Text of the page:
In the late 1980s, the union movement played a significant role in bringing about the end of apartheid. They adopted a stronger political role in fighting against apartheid, but also called for countrywide stay aways which showed that the unions had the power to cripple the economy. However, union activity took place amid increasingly harsh state action. The many restrictions placed on the trade unions led to widespread feeling of demoralisation.
COSATU believed that it was important to restore faith in the union movement. It held a special conference in May 1988 to evaluate its strengths and weaknesses and to strengthen its structures further. A leadership code was established and discussed. The delegates also called for a three-day stay away to protest the Labour Relations Bill. The success of this stay away did much to revive the spirit of the trade union movement.
Further conferences discussed the political role of COSATU and its decision to join in a broad anti-apartheid alliance with the UDF and other anti-apartheid organisations. At a Workers Summit in 1989, COSATU, NACTU and independent unions agreed to work for greater unity among the working class and to take joint action against the Labour
Relations Act. COSATU also believed that it was important to provide education for its members. It appointed education officers who held workshops dealing with the role of trade unions, but also on wider issues such as HIV-AIDS.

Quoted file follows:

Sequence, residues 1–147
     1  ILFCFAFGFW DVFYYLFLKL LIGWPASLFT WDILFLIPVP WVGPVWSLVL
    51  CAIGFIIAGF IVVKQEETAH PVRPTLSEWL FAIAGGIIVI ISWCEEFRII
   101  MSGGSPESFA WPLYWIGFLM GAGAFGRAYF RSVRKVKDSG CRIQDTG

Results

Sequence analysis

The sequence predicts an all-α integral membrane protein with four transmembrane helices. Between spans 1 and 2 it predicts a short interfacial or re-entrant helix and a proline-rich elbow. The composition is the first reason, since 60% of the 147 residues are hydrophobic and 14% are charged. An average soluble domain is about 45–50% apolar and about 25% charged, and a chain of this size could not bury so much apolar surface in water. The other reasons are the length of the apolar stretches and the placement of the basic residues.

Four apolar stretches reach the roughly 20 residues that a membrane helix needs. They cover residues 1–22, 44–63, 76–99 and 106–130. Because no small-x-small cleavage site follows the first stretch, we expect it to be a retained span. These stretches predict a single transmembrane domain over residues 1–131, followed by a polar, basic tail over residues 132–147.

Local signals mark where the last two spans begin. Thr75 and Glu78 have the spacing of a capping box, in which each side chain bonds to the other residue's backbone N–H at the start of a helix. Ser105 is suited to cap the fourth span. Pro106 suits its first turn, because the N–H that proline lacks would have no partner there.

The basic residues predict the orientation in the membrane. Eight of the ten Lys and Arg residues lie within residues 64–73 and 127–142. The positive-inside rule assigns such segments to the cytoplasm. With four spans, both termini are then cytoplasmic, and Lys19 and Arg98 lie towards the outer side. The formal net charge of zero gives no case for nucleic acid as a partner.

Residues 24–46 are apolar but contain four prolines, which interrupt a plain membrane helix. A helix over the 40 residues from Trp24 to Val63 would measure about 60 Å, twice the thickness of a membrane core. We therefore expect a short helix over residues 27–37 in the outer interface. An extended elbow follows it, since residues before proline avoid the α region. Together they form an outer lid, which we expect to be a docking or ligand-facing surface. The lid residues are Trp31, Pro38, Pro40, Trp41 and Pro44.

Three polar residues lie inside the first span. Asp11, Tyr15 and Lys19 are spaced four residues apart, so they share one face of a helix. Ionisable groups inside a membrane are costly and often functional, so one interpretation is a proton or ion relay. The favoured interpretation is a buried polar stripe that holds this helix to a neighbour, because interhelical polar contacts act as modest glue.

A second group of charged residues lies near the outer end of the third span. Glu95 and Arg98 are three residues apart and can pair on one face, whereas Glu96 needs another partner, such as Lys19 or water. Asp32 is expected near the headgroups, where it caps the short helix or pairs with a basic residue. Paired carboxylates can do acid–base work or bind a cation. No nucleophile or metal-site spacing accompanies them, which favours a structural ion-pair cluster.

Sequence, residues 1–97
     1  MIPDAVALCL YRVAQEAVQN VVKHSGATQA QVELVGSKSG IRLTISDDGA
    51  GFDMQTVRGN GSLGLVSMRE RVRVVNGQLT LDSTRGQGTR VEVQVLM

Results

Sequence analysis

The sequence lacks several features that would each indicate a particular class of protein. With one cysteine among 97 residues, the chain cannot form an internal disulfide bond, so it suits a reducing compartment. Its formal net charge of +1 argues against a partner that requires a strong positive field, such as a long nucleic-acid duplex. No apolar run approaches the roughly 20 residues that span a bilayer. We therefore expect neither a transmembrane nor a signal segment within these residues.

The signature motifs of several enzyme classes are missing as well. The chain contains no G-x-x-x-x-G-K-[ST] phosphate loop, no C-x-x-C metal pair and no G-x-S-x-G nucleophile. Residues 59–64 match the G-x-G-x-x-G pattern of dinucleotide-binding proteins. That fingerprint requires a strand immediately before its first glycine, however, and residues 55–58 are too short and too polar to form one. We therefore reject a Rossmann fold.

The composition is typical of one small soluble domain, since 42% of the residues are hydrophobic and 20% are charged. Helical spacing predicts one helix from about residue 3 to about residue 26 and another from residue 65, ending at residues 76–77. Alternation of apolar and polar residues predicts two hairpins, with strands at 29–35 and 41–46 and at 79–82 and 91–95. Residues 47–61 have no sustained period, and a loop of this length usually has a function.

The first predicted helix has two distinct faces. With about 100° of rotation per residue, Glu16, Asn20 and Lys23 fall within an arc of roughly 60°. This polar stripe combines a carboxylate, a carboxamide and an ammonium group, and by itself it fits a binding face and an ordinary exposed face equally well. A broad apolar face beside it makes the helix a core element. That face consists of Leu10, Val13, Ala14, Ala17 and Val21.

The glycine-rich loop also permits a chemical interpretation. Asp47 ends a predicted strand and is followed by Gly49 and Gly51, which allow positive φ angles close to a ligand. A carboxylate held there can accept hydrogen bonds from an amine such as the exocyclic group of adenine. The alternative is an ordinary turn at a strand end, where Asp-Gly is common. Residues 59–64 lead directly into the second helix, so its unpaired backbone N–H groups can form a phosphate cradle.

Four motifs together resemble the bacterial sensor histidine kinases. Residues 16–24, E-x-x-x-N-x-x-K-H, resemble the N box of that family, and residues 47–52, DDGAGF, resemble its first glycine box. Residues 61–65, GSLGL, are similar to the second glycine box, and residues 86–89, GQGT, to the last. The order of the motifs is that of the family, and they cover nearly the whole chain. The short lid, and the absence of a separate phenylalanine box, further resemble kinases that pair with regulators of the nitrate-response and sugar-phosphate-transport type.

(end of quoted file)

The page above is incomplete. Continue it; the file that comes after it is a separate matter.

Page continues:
During the 1980s, the trade union movement received widespread support from the international community. The various anti-apartheid movements overseas pledged solidarity with the union movement and held their own protests in support. Also, trade union organisations in various countries supported the growing labour movement by holding solidarity protests and by forcing some of their companies to withdraw from South Africa or place pressure on their South African branches to improve wages and working conditions. This support also boosted the morale of the labour movement.
Exhibitions in the classroom
Reading the past:
Source: Support from the Canadian Solidarity Mission to Southern Africa. November 1990. Archived as SAHA collection AL2457_M188.8.131.52.
Read some of the letters of support from international organisations in the source. Imagine that you are a member of an international trade union. Write your own letter of support to COSATU.
Think about the role of songs during protest. Nkosi Sikelele Afrika was often sung during workers’ protests and at the end of meetings. Why do you think this was the case?